|Bid||583.20 x 0|
|Ask||583.40 x 0|
|Day's Range||578.00 - 586.01|
|52 Week Range||355.00 - 588.40|
|Beta (3Y Monthly)||1.57|
|PE Ratio (TTM)||20.65|
|Earnings Date||Nov 7, 2019|
|Forward Dividend & Yield||0.16 (2.73%)|
|1y Target Est||7.17|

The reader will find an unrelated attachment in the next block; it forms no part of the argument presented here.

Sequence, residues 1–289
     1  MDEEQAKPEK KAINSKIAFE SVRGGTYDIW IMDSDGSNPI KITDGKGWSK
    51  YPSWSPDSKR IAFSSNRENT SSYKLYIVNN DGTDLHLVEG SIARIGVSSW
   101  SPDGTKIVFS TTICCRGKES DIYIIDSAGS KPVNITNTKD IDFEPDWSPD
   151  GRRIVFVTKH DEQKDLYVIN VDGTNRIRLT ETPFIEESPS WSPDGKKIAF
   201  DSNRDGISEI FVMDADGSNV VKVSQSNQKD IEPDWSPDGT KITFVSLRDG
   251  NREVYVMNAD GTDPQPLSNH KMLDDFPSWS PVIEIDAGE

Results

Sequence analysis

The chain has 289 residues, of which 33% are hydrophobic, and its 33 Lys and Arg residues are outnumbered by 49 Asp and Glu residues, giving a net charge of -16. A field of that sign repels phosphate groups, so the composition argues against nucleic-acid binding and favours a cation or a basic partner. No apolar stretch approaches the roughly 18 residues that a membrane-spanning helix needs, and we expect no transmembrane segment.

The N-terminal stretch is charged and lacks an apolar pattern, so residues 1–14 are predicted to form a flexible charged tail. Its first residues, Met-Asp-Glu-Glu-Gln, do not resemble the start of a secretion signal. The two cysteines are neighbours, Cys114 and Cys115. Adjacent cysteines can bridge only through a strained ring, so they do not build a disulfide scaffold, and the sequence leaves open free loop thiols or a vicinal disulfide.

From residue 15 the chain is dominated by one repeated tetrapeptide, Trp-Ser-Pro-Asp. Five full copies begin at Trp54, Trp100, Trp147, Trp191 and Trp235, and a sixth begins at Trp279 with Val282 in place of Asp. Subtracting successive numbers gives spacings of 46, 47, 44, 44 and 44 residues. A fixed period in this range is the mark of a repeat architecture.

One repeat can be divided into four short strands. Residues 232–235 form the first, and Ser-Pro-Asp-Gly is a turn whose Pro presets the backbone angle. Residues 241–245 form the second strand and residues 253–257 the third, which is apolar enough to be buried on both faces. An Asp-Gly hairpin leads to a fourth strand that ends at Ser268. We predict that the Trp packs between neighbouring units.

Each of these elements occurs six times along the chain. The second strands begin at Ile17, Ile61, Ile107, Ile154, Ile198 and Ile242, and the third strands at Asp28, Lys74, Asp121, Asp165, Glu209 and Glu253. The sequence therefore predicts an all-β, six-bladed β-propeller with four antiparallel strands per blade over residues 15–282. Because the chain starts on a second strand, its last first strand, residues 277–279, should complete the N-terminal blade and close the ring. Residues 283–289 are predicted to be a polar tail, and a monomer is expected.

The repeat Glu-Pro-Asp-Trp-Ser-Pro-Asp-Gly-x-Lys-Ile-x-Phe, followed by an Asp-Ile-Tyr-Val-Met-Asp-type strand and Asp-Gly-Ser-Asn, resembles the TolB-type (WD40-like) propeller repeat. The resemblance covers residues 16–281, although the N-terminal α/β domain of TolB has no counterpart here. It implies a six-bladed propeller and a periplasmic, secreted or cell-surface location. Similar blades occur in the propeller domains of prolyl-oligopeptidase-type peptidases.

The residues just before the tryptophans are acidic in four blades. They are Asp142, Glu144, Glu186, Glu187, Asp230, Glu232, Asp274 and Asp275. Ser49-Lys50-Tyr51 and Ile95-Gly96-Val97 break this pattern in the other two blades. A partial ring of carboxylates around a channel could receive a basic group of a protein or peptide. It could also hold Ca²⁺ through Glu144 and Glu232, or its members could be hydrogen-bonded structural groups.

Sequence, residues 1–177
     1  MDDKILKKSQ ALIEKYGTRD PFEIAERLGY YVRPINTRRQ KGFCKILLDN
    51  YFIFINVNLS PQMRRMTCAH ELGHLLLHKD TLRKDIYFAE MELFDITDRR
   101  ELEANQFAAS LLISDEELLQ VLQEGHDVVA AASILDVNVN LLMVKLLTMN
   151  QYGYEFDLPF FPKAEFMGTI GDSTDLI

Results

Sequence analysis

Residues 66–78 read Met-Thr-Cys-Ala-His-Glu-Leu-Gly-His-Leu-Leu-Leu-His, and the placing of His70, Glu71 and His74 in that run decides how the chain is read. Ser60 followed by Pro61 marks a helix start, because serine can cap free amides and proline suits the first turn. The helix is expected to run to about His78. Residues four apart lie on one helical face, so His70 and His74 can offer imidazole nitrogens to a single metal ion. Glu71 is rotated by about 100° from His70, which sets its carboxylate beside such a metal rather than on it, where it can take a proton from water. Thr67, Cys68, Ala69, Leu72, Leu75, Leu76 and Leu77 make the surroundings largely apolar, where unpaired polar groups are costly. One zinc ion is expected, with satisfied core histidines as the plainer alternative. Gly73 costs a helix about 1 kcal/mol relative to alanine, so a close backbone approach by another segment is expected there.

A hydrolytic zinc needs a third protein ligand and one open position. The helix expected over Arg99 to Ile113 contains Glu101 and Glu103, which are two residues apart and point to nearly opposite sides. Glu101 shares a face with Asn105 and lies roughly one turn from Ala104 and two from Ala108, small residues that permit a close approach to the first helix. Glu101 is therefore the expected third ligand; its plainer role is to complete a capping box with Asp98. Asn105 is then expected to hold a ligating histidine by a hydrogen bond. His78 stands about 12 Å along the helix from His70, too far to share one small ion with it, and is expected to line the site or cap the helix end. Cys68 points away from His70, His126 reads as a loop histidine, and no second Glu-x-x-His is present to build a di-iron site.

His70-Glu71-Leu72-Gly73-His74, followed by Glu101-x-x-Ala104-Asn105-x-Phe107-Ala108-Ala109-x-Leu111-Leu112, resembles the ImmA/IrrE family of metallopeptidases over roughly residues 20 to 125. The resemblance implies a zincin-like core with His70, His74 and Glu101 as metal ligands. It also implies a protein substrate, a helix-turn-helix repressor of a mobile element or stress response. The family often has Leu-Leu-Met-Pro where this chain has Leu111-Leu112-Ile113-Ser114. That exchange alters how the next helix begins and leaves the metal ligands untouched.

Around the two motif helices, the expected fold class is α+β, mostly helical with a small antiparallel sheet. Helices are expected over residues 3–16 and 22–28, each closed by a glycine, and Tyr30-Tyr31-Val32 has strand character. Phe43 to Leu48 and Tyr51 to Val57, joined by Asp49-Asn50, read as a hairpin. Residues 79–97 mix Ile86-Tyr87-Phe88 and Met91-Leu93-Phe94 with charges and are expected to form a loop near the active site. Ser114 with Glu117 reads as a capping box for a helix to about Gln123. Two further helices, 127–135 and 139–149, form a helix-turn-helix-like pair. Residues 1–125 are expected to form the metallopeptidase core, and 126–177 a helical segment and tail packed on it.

(Bloomberg Opinion) -- The 2.7 billion-pound ($3.3 billion) offer for Greene King Plc from an investment group backed by Hong Kong billionaire Li Ka-shing is a sign one thing is certain whatever the outcome of Brexit: Brits will keep drinking beer and eating pies.Greene King isn’t an international business pretending to be a U.K. company like Arm Holdings Plc, Inmarsat Plc, Cobham Plc or even Merlin Entertainments Plc – all of which generate most of their revenue from overseas and have received takeover offers since the referendum in 2016. The pub chain’s revenue is 100% in pounds.Yet its attractions are plain to see. The U.K. pubs industry has shed capacity in recent years. The survivors have adapted by offering food and making pubs more family friendly. Contrast that with the casual dining industry, where pizza chains in particular have proliferated and poisoned returns. Greene King owns most of its 2,700 sites. That will provide some comfort to CK Asset Holdings Ltd., which is more accustomed to investing in solid U.K. rail, water and real estate assets.The timing is telling. Greene King was more affordable last year when its shares hit their lowest since 2011. But back then its board might have been less amenable to a deal. Since then, the pound has continued to slide.CK’s offer, pitched at a 51% premium to where the stock was trading just before the bid, gives investors a price they haven’t seen since the Brexit vote at a time when U.K. stocks are deeply unpopular with international money managers. That high top-up may assuage fears management rushed to back a deal that is likely to see them stay in their posts.It may seem like a small, bullish sign for U.K. equities. The reality, though, is there are few companies that share Greene King’s characteristics.To contact the author of this story: Chris Hughes at firstname.lastname@example.orgTo contact the editor responsible for this story: Edward Evans at email@example.comThis column does not necessarily reflect the opinion of the editorial board or Bloomberg LP and its owners.Chris Hughes is a Bloomberg Opinion columnist covering deals. He previously worked for Reuters Breakingviews, as well as the Financial Times and the Independent newspaper.For more articles like this, please visit us at bloomberg.com/opinion©2019 Bloomberg L.P.